Cherokee Voters Reject HOST, Support Charter Amendment

Voters in Holly Springs also retained their incumbent city council members.

Riding a wave of opposition to new tax measures, voters in Cherokee County rejected a proposal to impose a one percent sales tax to be used to roll back county property taxes. 

Cherokee voters rejected the measure, with 36 percent, or 32,150, voting in favor while 64 percent, or 56,190, voted against the first question. On the HOST's second question, 46 percent, or 40,344, approved the measure while 54 percent, or 46,830 voted to defeat it.

The Homestead Option Sales Tax would have used revenue from the sales tax to reduce the county’s maintenance and operations portion of property taxes. It would not have applied to the school, fire district taxes and parks bond imposed by the county. 

Georgia law required two questions to be placed on the ballots and residents needed to vote yes on both in order for the referendum to pass. 

The law would have allowed the county to use up to 20 percent of the funds for capital projects. However, the Cherokee County Commission approved a resolution stating the board would have used 100 percent of the proceeds to roll back property taxes as long as a Special Purpose Local Option Sales Tax program is in place.

Voters in Cherokee also voted in favor of the controversial Amendment 1 ballot question, which will establish a separate commission to approve charter schools at the state level. The commission would approve the schools, even if the local boards of education denying charter school petitions. 

Support for the amendment was stronger in Cherokee than in the rest of the state, with 59 percent of voters in favor of the amendment in Cherokee compared to 44 percent, or 38,646, in Cherokee who voted against the question. 

Woodstock and Towne Lake voters, along with voters in some portions of southwest Cherokee County, also elected Republican Michael Caldwell to become their new state representative. Caldwell defeated Democratic challenger Lillian Burnaman for the House District 20 seat with 77 percent, or 18,415 votes to Burnaman's 23 percent, or 5,522 votes. 

Voters in Holly Springs chose to retain their incumbent city council members. Sixty-seven percent, or 2,210 voters in Post 3 voted for incumbent Michael Zenchuk over challenger Alex Berkobin. Berkobin received 33 percent, or 1,098 votes.

"I want to say a big thanks to all of those that showed their support and voted for me," Berkobin said.  "I'd also like to congratulate Michael on his victory.  This was my first time running for a political office and I learned a lot from the campaign process.  I hope to apply those lessons to next time I choose to run."

In Holly Springs Post 4, incumbent Karen Barnett defeated Planning and Zoning Commissioner Bob Kovacs by a margin of 65 to 35 percent. Barnett garnered 2,179 votes to Kovacs' 1,199.

"While it's disappointing that I lost the election, I wish Karen the best over the next four years on the City Council," Kovacs told Patch.  

"I will continue to serve the City of Holly Springs as a Planning & Zoning Commissioner, and in any other ways that I can.  This was my first campaign for City Council, but it certainly won't be my last."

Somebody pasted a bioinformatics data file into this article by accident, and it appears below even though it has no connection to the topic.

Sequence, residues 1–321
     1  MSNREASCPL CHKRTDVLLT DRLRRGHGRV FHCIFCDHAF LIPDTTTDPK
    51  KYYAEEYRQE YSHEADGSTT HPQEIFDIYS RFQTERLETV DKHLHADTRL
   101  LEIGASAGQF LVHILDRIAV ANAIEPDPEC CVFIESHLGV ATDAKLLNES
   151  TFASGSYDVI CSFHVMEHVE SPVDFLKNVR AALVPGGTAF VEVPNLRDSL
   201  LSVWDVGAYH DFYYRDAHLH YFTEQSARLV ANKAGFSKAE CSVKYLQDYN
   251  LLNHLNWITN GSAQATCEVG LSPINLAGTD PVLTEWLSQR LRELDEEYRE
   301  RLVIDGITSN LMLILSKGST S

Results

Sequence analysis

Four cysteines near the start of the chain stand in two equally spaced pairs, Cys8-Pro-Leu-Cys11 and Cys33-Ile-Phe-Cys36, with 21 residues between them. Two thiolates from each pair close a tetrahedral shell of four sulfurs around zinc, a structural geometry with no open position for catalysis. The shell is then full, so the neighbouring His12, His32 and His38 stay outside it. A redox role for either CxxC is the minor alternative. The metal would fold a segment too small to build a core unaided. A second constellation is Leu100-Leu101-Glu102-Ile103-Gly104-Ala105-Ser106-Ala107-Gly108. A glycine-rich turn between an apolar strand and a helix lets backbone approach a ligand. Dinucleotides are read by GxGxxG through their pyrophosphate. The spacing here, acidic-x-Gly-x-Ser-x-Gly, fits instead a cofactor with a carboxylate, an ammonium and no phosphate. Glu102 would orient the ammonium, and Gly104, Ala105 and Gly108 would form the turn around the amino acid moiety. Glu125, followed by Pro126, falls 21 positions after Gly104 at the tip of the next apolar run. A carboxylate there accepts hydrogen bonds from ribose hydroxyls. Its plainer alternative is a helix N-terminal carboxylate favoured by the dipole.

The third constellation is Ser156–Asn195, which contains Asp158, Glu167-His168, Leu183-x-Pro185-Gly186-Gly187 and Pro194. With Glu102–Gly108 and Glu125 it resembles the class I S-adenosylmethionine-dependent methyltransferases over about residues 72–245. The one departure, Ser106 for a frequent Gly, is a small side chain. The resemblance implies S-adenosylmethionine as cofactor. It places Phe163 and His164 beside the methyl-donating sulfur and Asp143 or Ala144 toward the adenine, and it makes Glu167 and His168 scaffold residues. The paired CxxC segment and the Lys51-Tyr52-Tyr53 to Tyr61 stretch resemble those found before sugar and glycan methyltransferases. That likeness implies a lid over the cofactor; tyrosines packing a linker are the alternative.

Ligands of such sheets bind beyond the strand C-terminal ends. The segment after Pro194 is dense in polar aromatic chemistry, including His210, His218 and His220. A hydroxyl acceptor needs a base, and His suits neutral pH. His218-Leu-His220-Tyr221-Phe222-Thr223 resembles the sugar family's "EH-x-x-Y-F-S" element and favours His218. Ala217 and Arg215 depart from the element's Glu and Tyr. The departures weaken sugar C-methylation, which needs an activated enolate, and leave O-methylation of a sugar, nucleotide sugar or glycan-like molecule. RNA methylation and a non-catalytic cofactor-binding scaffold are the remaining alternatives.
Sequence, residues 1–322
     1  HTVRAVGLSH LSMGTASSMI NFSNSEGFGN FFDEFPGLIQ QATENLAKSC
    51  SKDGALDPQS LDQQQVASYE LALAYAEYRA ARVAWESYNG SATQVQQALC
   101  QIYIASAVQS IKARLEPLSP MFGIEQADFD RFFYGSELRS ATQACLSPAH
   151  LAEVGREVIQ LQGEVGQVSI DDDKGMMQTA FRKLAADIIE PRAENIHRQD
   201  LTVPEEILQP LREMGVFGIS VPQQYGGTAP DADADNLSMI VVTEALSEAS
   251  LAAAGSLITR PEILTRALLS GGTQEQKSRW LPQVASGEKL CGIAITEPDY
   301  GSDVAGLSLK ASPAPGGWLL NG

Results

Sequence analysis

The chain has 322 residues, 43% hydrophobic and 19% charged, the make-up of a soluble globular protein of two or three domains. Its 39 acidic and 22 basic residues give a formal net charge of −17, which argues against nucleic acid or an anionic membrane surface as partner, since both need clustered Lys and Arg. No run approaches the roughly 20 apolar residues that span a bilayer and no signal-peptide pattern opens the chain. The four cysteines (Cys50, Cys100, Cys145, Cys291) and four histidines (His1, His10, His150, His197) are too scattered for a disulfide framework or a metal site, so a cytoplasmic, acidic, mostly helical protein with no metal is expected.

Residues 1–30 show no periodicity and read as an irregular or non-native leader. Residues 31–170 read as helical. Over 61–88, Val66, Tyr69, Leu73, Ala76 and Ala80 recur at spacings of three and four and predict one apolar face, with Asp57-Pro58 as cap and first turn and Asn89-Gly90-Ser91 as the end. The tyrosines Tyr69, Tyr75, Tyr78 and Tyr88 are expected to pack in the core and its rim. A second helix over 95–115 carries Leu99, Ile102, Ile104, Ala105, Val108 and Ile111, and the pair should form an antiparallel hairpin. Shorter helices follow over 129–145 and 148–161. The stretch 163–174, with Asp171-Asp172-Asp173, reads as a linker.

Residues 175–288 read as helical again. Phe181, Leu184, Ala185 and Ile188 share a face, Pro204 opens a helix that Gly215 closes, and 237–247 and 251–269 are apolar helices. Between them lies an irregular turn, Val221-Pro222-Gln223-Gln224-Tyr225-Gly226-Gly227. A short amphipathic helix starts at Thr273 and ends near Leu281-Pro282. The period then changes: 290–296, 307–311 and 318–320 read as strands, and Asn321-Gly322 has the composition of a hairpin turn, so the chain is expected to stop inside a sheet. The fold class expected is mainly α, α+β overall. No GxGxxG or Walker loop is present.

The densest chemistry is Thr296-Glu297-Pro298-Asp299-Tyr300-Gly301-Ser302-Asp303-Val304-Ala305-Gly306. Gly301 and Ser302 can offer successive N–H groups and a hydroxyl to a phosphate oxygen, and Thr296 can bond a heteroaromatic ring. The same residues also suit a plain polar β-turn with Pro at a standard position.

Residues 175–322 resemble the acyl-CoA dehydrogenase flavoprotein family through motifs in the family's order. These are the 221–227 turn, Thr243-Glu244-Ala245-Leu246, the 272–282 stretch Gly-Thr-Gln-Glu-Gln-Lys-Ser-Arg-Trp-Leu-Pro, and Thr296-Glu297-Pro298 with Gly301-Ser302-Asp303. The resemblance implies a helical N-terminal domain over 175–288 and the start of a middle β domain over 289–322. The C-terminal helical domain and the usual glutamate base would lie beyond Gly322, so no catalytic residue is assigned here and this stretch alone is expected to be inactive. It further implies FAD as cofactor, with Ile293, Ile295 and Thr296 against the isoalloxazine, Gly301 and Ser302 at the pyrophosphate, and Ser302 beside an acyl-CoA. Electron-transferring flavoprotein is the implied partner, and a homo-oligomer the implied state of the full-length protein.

Post 5 incumbent Jeremy Smith and Mayor Tim Downing had no opposition in the election.

Jodi Haisten November 07, 2012 at 05:53 PM
The amount of voters who voted yes for Amendment 1 speaks highly of how many Cherokee County folks realize there are issues in the public school systems in this county. Whether they had kids in the system, have kids now in the system or will be having kids in the future in the system they stood up and boldly told the superintendent and school board “you need to get your act together” because we want and now have other options if you don’t. The finger pointing can and needs to stop and we need to own up to the fact that Ga is in the bottom of the heap for education not only with other states but other countries as well!! Instead of having Ga on the news as a state that fights among their neighbors and friends over school issues, let’s be the state know for kicking butt on school scores and leading the way to producing the next generation of awesome adults. Time to put down the yard signs, car flyers and let’s try sharing what works for each set of schools and use it to build UP our kids, not tear them down because they go to charter or go to public. To those that voted yes, thank you from the bottom of my heart for hearing charter parents plea of “our kids, our choice”. I hope you don’t have to go through issues some of us have gone through to have had us make the choice to go Charter. Education for our kids has and always will be our primary concern.
Becky Casey November 08, 2012 at 03:42 PM
Totally agree, Jodi!!! I'm excited to see such a large percentage of Cherokee voters loudly defeat status quo to put the well being of all of the precious kids who live in our community in the forefront of their education. BIG message to BIG education...It's time to put kids first and elevate academics in Georgia in order for our kids to be able to compete. Competition makes all of us better. Thank you Cherokee Voters!!
A B Alcott November 10, 2012 at 10:00 PM
Becky, while I'll agree that competition is good in many situations, it isn't always beneficial in education. I am excited that it passed nonetheless. This is a great opportunity to allow for more experimentation in education, to find things that work, and get rid of policies that have been weighing down education here in Georgia for years. Jodi, I agree that I am tired of the divided community. However, we can not expect those that voted against the amendment to trust us or the legislators until we prove that we are in this for all children in Georgia. We must make sure that all people have an equivalent choice.


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